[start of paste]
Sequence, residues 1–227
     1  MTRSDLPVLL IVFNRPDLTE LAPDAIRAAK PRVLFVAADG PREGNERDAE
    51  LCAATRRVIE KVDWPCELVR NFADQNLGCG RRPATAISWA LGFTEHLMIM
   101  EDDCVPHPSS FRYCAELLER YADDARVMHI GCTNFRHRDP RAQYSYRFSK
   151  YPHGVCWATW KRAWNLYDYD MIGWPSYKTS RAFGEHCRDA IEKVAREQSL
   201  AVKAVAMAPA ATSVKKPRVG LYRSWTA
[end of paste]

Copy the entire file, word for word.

Sequence, residues 1–227
     1  MTRSDLPVLL IVFNRPDLTE LAPDAIRAAK PRVLFVAADG PREGNERDAE
    51  LCAATRRVIE KVDWPCELVR NFADQNLGCG RRPATAISWA LGFTEHLMIM
   101  EDDCVPHPSS FRYCAELLER YADDARVMHI GCTNFRHRDP RAQYSYRFSK
   151  YPHGVCWATW KRAWNLYDYD MIGWPSYKTS RAFGEHCRDA IEKVAREQSL
   201  AVKAVAMAPA ATSVKKPRVG LYRSWTA